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Time in the air over Canada's west coast province is always a?sightseeing tour even if you're just up there to avoid traffic or icy roads. The 35-minute floatplane trip from Vancouver's waterfront to Whistler, in a single-engine de Havilland Beaver (six passenger) or Otter (14 passenger), saves you a two-hour drive and is outrageously scenic. In 2007, Harbour Air became the first airline in North America to be carbon neutral. In 2018 ?it partnered with Australian company magniX and?together they are working towards converting?a Beaver aircraft to electric. Watch this airspace. See harbourair.com
PHANTOM LAKE EXPLORER
The beauty of a floatplane is that it doesn't require infrastructure for landing or take-off. From Squamish – an hour's drive north of Vancouver – Sea to Sky Air's experienced mountain pilots fly you up into the Squamish, Whistler and BC coast mountains. The 90-minute Phantom Lake Explorer takes you to a body of water that sits at an elevation of 958 metres and is so remote it has no road or even hiking-trail access. After you've landed on the lake there's time for a picnic and a swim off an alpine beach or even off the plane's floats. For marrying types, Sea to Sky Air offers a proposal and engagement photo-shoot package. See seatoskyair.ca
Spend some time in South Chilcotin Mountains Provincial Park, in the West-Central Interior, which is one of BC's many natural playgrounds. Companies?such as Tyax Adventures offer guided and self-guided hiking, mountain biking, trail running and horse-riding, and will transport you into the park from Whistler, Vancouver or?its operations base at Tyaughton Lake. You'll travel in a de Havilland Beaver – Canada's beloved bush plane – and during the flight will have a bird's-eye view of glaciers, alpine lakes, tundra, ancient peaks, broad rivers and forest. See tyaxadventures.com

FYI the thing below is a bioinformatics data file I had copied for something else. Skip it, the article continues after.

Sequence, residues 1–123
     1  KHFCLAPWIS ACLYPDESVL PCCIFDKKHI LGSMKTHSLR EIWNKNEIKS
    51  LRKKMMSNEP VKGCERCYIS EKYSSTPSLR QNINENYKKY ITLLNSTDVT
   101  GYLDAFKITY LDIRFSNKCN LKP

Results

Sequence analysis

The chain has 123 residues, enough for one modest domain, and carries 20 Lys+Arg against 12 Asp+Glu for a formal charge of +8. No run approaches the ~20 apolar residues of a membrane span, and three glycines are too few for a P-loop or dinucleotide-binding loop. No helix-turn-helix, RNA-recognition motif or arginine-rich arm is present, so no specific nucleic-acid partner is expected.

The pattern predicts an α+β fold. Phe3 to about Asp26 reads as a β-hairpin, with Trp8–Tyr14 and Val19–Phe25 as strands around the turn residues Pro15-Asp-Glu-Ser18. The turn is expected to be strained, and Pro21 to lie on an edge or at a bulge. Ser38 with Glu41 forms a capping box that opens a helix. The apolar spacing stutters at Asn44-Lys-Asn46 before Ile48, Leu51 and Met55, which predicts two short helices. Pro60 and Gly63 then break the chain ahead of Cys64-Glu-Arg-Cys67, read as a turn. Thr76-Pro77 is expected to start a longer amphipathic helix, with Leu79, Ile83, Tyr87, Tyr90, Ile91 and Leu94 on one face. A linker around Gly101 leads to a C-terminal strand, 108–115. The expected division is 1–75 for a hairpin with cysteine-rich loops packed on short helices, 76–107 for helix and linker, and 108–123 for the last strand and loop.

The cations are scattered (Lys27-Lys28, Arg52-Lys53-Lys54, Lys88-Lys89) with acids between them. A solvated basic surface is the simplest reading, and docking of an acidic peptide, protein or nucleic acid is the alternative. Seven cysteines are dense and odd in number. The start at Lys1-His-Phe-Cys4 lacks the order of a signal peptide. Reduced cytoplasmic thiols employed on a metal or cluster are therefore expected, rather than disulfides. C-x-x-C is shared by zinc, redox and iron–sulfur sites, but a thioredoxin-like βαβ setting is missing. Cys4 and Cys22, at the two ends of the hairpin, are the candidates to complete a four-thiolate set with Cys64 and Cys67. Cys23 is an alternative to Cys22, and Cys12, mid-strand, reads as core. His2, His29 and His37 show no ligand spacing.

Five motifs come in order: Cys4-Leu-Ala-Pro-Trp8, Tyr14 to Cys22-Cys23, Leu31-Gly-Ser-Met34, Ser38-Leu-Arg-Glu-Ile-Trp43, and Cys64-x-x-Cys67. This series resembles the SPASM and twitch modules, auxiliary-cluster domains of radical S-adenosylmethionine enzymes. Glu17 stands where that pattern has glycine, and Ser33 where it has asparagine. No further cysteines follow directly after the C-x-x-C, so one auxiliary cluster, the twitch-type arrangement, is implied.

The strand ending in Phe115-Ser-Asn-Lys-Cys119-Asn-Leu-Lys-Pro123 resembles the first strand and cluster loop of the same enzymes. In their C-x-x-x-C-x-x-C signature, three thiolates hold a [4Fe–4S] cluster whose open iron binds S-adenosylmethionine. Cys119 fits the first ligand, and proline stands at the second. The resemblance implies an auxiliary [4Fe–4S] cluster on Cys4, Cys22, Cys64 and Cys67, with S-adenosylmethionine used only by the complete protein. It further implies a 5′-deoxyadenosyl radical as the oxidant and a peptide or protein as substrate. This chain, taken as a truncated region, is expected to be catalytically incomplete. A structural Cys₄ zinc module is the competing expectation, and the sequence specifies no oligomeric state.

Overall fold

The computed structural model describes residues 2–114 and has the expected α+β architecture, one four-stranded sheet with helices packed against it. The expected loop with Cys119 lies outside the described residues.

The archipelago of Haida Gwaii is a special place where you can immerse yourself in the natural environment and connect with the living culture of the Haida First Nation. If you're touring the province by road then fly from Prince Rupert, on the northwest coast of BC, to the Haida Gwaii village of Masset in a de Havilland Beaver. Flights to and from Haida Gwaii run year-round but not every day of the week. Hop between the archipelago's islands by floatplane or take a scenic flight. Gandll K'in Gwaayaay Tour, from Queen Charlotte City to Hotspring Island,?takes about 150 minutes and includes a good long soak in natural thermal pools. See inlandair.bc.ca
GREAT BEAR RAINFOREST
One of the most incredible wildlife experiences you can have in British Columbia begins with a short floatplane transfer to a remote lodge, accessible only by air or water, nestled in an enormous temperate coastal rainforest. This area is home to a healthy population of wild grizzlies. The 30-minute flight between Port Hardy on Vancouver Island and Great Bear Lodge, on the British Columbian mainland, is included in the three-night tour. Expect to strap into a Cessna, Beaver, Turbine Beaver or Grumman Goose. Great Bear Lodge is open from May to October. See greatbeartours.com
VANCOUVER TO TOFINO?
Commuting by floatplane is a way of life for many locals of Vancouver Island or the Gulf Islands and visitors can take advantage of the service. For instance, fly from Vancouver Harbour straight to the remote surf village of Tofino on Vancouver Island's west coast. This 60-minute flight shaves hours off trying to get there by car and ferry. Tofino has a great local food scene, rich First Nations culture and wild winter waves. There's easy access to the UNESCO Clayoquot Sound Biosphere Region and, from Tofino Harbour, you can take a floatplane tour to Hot Springs Cove for a therapeutic dip. See harbourair.com; atleoair.com?
Elspeth Callender was?a guest of Destination Canada. See canada.travel